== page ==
Presidential Clemency: Antoinette M. Frink

on right, serving 15 years, 8 months

Released January 20, 2001. Presidential Clemency (Clinton)

charged with conspiracy to possess with intent to distribute cocaine, hiring and inducing others to travel interstate highways to distribute cocaine, aiding and abetting.

Antoinette "Toni" Frink is a former special education teacher with a master's degree in school psychology. Had she decided to stay in that profession, rather than becoming a car dealership owner, she would be a free woman today.

As president and CEO of McFrink Chevrolet-Cadillac in Delaware, Ohio, Toni made the mistake of selling several cars to a businessman who presented himself as needing vehicles for his video and electronic companies and carpet businesses. This involved some re-titling of vehicles that he purchased in Florida, but would be based in Ohio where his companies were supposedly moving. Over a period of a year, she sold and/or retitled about 10 vehicles for them, paid in cash increments under $10,000 each (which she claims was not illegal at the time).

In 1987, a pick-up truck that was bought by this businessman, but re-titled by Toni, was stopped in Georgia and found to contain 61 kilos of cocaine. A few months later, she was arrested and charged with the conspiracy to distribute cocaine. "It seems pretty bizarre." she says. "A truck gets stopped and they ask, 'What dealership did you buy it from?'"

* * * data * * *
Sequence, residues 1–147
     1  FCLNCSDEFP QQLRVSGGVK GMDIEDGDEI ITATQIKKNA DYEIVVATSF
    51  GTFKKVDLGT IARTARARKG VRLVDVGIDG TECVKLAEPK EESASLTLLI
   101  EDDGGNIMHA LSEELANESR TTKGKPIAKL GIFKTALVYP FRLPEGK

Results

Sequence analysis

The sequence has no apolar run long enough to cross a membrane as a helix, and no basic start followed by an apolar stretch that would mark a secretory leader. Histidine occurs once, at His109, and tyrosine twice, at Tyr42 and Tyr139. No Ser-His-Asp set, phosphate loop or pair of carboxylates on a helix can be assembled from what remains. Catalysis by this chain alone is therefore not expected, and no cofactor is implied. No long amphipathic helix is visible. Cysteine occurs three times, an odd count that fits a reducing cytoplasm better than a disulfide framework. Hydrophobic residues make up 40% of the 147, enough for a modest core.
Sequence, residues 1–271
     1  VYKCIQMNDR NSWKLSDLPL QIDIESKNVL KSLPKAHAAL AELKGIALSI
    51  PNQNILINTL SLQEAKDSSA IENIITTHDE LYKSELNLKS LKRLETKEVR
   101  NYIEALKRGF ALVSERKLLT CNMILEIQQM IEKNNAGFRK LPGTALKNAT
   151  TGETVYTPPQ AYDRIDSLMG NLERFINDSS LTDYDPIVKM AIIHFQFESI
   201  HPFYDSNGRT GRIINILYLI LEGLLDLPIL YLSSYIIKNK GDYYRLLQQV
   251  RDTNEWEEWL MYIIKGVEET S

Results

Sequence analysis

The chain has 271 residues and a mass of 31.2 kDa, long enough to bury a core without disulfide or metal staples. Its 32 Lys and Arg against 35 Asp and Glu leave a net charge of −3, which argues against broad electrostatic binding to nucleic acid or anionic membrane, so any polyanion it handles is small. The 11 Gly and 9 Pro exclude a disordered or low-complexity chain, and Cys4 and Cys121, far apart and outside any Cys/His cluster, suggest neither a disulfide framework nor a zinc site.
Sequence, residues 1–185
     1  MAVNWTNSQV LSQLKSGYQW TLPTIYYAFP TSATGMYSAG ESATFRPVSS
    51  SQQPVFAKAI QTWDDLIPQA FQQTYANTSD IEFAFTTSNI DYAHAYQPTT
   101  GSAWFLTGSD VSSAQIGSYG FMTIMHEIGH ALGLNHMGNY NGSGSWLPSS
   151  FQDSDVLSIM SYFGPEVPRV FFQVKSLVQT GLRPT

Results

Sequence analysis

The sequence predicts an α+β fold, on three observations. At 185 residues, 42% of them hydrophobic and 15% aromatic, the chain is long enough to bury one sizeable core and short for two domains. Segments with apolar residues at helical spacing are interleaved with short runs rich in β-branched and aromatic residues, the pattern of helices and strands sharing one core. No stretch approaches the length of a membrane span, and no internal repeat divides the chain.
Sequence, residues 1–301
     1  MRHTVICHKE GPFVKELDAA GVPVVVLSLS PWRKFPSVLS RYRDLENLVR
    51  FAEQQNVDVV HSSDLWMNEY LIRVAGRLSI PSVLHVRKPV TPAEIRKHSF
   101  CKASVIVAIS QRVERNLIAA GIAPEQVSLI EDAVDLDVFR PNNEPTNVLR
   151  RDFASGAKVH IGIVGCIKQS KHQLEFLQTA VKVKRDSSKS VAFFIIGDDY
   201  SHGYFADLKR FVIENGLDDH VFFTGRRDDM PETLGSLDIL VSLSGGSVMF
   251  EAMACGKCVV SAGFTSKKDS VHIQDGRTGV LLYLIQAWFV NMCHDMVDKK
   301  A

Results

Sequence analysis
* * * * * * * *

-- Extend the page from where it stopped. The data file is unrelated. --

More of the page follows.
As Toni denied any involvement in the conspiracy and was never near any drugs, she decided to take her case to trial. She lost. Of her five codefendants, all known to the government as drug dealers, only one received a sentence as great as hers. Toni maintains her innocence, and she is taking her case to the Supreme Court where she hopes to be exonerated. She questions why she was singled out for prosecution when other dealership owners (all white owned) who sold cars to these drug dealers were not prosecuted. She wonders if the color of her skin had anything to do with it.

Though doing time for a crime she did not commit is hard, nothing compares to the loss of her only child, Trina, a senior in college. Trina was killed in a car accident on March 15, 1993, on the way home from visiting her mom in prison.